# How do I know which term symbols are acceptable for an np^2 electron configuration? I found all of them, but which ones should I keep?

Jul 9, 2016

I think if you connect orbital configurations with each term symbol, you would have a clearer way to understand term symbols. All of them represent an electron configuration, and so you can relate them back to Hund's Rule and the Pauli Exclusion Principle.

As a note, we call ""^1 L_J a singlet state, which has all paired electrons, and we call ""^3 L_J a triplet state, which has two unpaired electrons.

We can start from the known configuration of carbon:

$1 {s}^{2} 2 {s}^{2} 2 {p}^{2}$

Now, recall that term symbols are defined as:

\mathbf(""^(2S + 1) L_J),

where:

• $2 S + 1$ is the spin multiplicity, and $S$ is the total spin due to adding up the ${m}_{s}$ values for each electron in the same subshell, i.e. $S = \sum {m}_{s}$.
• $L$ is the total orbital angular momentum, or $L = \sum {m}_{l}$, due to adding up the ${m}_{l}$ values for each orbital. Each electron in an orbital contributes one value of ${m}_{l}$, so if an ${m}_{l} = + 1$ orbital is fully occupied, then you have $L = 2$. Make sure you know the maximum possible $L$ before using it to calculate $J$.
• $J$ is the total angular momentum, or $J = \left\{| L - S | , | L - S + 1 | , . . . , 0 , . . . , | L + S - 1 | , | L + S |\right\}$. So, an example is $S = 1$ and ${L}_{\max} = 1$. Then $J = \left\{L - S , L - S + 1 , L + S\right\} = \left\{0 , 1 , 2\right\}$.

THE $\setminus m a t h b f \left(n {s}^{2}\right)$ CONFIGURATIONS

When we consider $n {s}^{2}$ configurations, we can have these:

$\uparrow \uparrow$, $\downarrow \downarrow$, $\uparrow \downarrow$, $\downarrow \uparrow$

• The first and second are not allowed according to the Pauli Exclusion Principle, which requires the ${m}_{s}$ for each electron to be opposite.
• The fourth is redundant, since electrons are indistinguishable (you can't tell whether one electron in particular is spin-up or if it's the other one). So we didn't need to consider that one, actually, but I wrote it out to show that it was something to think about.

For the third $n {s}^{2}$ configuration, we have that:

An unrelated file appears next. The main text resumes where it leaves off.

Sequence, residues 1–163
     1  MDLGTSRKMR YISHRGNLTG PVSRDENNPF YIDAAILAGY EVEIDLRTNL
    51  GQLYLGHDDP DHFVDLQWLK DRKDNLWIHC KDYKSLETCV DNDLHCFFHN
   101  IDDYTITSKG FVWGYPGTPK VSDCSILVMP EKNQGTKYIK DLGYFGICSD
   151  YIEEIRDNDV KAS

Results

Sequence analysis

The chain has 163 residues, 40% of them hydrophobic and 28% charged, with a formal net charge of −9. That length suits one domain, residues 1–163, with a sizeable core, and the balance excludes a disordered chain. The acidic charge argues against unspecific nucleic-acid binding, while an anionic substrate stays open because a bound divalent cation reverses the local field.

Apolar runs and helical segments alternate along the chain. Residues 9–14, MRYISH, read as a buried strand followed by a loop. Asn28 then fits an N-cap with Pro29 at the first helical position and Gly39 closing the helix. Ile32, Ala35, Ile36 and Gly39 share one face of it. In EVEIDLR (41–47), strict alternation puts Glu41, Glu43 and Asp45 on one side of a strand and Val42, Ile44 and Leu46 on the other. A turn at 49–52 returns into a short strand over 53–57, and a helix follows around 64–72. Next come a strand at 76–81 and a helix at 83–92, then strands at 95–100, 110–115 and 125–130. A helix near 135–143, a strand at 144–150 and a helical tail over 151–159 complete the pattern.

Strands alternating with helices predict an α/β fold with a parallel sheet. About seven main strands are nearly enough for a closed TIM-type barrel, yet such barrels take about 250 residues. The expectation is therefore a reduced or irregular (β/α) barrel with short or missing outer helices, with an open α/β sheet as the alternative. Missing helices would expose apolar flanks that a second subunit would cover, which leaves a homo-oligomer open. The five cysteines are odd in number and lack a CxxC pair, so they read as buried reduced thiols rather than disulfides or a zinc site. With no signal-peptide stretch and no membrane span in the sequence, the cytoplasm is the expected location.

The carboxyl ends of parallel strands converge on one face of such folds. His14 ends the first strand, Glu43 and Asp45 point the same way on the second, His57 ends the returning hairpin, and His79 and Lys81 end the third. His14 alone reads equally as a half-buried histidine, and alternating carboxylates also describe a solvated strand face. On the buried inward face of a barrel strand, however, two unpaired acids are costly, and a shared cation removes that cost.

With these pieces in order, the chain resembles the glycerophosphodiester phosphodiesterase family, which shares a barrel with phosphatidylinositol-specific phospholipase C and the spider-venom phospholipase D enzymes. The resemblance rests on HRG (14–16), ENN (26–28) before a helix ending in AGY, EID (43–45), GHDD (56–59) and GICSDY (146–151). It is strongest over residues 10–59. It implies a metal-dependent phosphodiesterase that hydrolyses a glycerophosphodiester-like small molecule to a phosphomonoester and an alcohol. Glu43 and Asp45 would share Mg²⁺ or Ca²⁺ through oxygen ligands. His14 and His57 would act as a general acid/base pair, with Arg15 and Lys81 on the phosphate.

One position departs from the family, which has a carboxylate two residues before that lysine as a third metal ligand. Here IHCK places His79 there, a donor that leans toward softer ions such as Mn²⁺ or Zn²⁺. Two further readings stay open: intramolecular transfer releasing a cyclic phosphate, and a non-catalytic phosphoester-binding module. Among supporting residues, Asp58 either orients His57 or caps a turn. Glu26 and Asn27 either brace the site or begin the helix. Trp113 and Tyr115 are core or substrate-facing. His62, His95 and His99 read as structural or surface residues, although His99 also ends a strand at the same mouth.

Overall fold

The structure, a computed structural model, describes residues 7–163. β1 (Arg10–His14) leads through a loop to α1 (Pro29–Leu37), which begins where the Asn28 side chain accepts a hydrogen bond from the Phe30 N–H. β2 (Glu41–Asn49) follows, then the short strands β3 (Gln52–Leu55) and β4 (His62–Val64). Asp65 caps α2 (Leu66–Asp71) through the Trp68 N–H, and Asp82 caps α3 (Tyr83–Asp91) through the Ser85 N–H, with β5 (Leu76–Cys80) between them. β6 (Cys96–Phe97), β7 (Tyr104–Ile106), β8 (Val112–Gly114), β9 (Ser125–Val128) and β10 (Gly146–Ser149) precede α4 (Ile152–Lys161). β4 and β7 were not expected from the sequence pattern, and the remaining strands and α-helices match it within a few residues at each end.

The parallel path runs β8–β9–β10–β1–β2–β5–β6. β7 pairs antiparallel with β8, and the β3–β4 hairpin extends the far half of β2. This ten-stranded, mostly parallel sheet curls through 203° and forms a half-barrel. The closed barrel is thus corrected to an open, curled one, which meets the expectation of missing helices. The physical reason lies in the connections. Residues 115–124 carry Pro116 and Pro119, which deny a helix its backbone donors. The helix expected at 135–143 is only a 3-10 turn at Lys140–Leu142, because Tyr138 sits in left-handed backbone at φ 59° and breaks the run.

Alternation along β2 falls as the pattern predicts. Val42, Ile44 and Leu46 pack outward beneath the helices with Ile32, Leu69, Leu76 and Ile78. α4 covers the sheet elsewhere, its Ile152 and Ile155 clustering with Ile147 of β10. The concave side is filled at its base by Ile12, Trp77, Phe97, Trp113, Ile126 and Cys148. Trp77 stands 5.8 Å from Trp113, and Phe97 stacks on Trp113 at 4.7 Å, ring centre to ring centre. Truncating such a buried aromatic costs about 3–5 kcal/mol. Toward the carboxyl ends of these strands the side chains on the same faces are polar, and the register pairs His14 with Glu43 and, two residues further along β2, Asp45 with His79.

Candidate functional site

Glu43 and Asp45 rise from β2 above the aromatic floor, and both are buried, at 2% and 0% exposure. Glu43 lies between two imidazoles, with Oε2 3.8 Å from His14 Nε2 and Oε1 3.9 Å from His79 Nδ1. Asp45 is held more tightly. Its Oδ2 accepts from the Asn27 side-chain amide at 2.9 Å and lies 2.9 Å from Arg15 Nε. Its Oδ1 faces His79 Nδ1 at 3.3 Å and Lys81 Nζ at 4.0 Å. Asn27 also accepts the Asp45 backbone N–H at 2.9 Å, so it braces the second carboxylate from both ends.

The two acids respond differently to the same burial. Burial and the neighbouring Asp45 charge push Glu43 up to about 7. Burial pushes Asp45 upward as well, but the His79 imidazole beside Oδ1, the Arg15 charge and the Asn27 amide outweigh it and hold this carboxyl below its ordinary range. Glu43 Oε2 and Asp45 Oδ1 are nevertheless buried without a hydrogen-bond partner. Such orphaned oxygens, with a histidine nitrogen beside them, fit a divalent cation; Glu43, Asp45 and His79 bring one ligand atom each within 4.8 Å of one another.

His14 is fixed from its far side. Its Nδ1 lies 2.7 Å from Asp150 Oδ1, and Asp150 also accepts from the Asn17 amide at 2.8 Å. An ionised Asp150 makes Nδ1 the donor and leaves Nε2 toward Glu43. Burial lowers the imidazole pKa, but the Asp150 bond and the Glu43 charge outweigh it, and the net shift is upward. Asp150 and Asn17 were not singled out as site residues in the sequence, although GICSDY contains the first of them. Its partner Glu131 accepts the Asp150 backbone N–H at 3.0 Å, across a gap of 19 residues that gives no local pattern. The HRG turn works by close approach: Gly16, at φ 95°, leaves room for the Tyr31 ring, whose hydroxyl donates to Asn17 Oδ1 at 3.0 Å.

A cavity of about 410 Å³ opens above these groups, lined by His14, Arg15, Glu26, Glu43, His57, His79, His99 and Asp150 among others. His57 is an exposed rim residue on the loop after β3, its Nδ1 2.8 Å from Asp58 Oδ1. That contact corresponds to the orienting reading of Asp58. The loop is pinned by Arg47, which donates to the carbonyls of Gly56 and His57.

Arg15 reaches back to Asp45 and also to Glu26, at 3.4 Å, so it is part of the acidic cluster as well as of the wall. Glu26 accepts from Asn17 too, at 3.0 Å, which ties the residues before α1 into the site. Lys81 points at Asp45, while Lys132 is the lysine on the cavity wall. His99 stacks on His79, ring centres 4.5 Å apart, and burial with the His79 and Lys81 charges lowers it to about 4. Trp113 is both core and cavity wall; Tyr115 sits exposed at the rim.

• $S = \sum {m}_{s} = - \frac{1}{2} + \frac{1}{2} = 0$, so $2 S + 1 = 1$.
• $L = \sum {m}_{l} = 0$.
• Since $L = 0$, and $0 \le S < 1$, $J$ only has one value, and $J = 0 \pm 0 = 0$.

Therefore, with $\sum {m}_{l} = {m}_{l} = \left\{0\right\}$ (only one $n s$ orbital exists for a given $n$), $l = 0$ and we have an color(blue)(""^1 S_0) term symbol for $\uparrow \downarrow$, corresponding to either the $1 {s}^{2}$ or $2 {s}^{2}$ configuration.

EXAMINING ALL $\setminus m a t h b f \left(n {p}^{2}\right)$ CONFIGURATIONS

This is quite a bit harder, mainly because of the number of possibilities. Work it out, and you'd get:

Utilizing ${m}_{l} = \left\{- 1 , 0 , + 1\right\}$ (including unfavorable configurations):

$\underline{\uparrow \textcolor{w h i t e}{\downarrow}}$ $\underline{\uparrow \textcolor{w h i t e}{\downarrow}}$ $\underline{\textcolor{w h i t e}{\uparrow \downarrow}}$
$\underline{\uparrow \textcolor{w h i t e}{\downarrow}}$ $\underline{\textcolor{w h i t e}{\uparrow \downarrow}}$ $\underline{\uparrow \textcolor{w h i t e}{\downarrow}}$
$\underline{\uparrow \textcolor{w h i t e}{\downarrow}}$ $\underline{\downarrow \textcolor{w h i t e}{\downarrow}}$ $\underline{\textcolor{w h i t e}{\uparrow \downarrow}}$
$\underline{\uparrow \textcolor{w h i t e}{\downarrow}}$ $\underline{\textcolor{w h i t e}{\uparrow \downarrow}}$ $\underline{\downarrow \textcolor{w h i t e}{\downarrow}}$
$\underline{\downarrow \textcolor{w h i t e}{\downarrow}}$ $\underline{\uparrow \textcolor{w h i t e}{\downarrow}}$ $\underline{\textcolor{w h i t e}{\uparrow \downarrow}}$
$\underline{\downarrow \textcolor{w h i t e}{\downarrow}}$ $\underline{\textcolor{w h i t e}{\uparrow \downarrow}}$ $\underline{\uparrow \textcolor{w h i t e}{\downarrow}}$
$\underline{\downarrow \textcolor{w h i t e}{\downarrow}}$ $\underline{\downarrow \textcolor{w h i t e}{\downarrow}}$ $\underline{\textcolor{w h i t e}{\uparrow \downarrow}}$
$\underline{\downarrow \textcolor{w h i t e}{\downarrow}}$ $\underline{\textcolor{w h i t e}{\uparrow \downarrow}}$ $\underline{\downarrow \textcolor{w h i t e}{\downarrow}}$

Utilizing ${m}_{l} = \left\{0 , + 1\right\}$ (including unfavorable configurations):

$\underline{\textcolor{w h i t e}{\uparrow \downarrow}}$ $\underline{\uparrow \textcolor{w h i t e}{\downarrow}}$ $\underline{\uparrow \textcolor{w h i t e}{\downarrow}}$
$\underline{\textcolor{w h i t e}{\uparrow \downarrow}}$ $\underline{\uparrow \textcolor{w h i t e}{\downarrow}}$ $\underline{\downarrow \textcolor{w h i t e}{\downarrow}}$